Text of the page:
To be honest, I do not know the specific political views of non-NYC New York. I do know that in Rochester, we continue to elect Republicans as county executives and Democrats as mayors, and the greater area populations reside in the suburban areas of the county. In other words, our region continues to be Republican while our city proper is Democratic.

Since 1962, only one Country Executive, serving 11 years, has been a Democrat in the Buffalo area. The last Republican elected as Buffalo mayor was in 1954. The Syracuse-area Country Executive has been Republican since 1962.

In other words, non-NYC NY is much more moderate than downstate.

So no, I don't like all of Gillibrand's politics. And we can critique her appointment based on political disagreements. But the way that the politicos are criticizing the appointment by arguing that her views are not "New York" views are to completely disregarding the heterogeneity, and indeed, the importance of non-NYC political views, love 'em or hate 'em. She may not "represent" NYC views, but she seems to pretty well represent the variety of views in New York State.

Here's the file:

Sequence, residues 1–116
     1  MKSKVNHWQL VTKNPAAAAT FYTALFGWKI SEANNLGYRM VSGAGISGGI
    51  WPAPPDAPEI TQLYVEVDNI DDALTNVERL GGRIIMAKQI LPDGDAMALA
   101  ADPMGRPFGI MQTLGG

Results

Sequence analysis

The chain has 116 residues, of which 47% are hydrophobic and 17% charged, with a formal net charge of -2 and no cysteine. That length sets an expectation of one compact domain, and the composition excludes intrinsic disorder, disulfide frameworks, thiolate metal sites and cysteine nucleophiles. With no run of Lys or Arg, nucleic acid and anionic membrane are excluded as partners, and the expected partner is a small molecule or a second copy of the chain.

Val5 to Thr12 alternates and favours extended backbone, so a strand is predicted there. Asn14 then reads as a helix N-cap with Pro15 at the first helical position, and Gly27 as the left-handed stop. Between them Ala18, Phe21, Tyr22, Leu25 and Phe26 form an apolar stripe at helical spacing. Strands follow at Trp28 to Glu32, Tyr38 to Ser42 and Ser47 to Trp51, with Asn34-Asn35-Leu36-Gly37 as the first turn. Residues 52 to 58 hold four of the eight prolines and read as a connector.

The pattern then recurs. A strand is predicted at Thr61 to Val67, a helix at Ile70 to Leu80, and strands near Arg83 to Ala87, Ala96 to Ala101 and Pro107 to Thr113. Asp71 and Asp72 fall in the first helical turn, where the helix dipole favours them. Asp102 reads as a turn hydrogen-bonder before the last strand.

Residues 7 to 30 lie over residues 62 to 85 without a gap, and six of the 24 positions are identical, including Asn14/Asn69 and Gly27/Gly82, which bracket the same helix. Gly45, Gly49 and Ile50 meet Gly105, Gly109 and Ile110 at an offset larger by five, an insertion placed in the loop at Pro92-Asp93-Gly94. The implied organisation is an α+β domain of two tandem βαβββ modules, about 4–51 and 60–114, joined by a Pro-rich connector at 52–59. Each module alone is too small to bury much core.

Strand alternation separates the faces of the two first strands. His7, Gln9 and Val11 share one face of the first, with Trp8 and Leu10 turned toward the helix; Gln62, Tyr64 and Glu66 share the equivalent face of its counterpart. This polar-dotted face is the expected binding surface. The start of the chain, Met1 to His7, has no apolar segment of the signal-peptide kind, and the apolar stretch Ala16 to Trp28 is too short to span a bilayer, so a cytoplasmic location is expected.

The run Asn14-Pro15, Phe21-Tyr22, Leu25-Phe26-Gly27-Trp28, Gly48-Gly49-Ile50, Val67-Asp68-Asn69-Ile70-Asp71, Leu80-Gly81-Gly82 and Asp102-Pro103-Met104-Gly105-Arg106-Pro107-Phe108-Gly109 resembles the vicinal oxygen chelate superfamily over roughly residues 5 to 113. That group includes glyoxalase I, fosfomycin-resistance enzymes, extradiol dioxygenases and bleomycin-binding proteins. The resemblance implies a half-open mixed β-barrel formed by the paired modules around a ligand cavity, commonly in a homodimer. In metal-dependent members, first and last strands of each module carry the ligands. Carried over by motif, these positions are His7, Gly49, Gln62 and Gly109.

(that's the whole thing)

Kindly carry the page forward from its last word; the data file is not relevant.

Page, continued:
* NY geography lesson: "upstate NY" only equals "everything but NYC" to those who live in NYC or who do not live in the state.

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  • I certainly have no problem with an upstater -- obviously, as a non-resident of New York, that means less to me that it does to you. What I have a problem with is her conservatism. I realize that she's gotten positive reviews from the ACLU, but she's also in league with the NRA. We didn't need a Blue Dog in the Senate.

    By Blogger Michael J.W. Stickings, at 3:36 PM  

  • Of course--I totally agree with you. I personally don't agree with her conservatism/moderate-ism. And you specifically have focused your commentary on her politics....but not everyone has.

    Most of the news watching and reading that I did seemed affronted at her choice for New York (State). To the ones saying "she doesn't represent New York values," I find myself asking "what 'New York'?"

    Politically, she's a mixed bag, but to be honest, New York State is too.

    By Blogger lindabeth, at 3:49 PM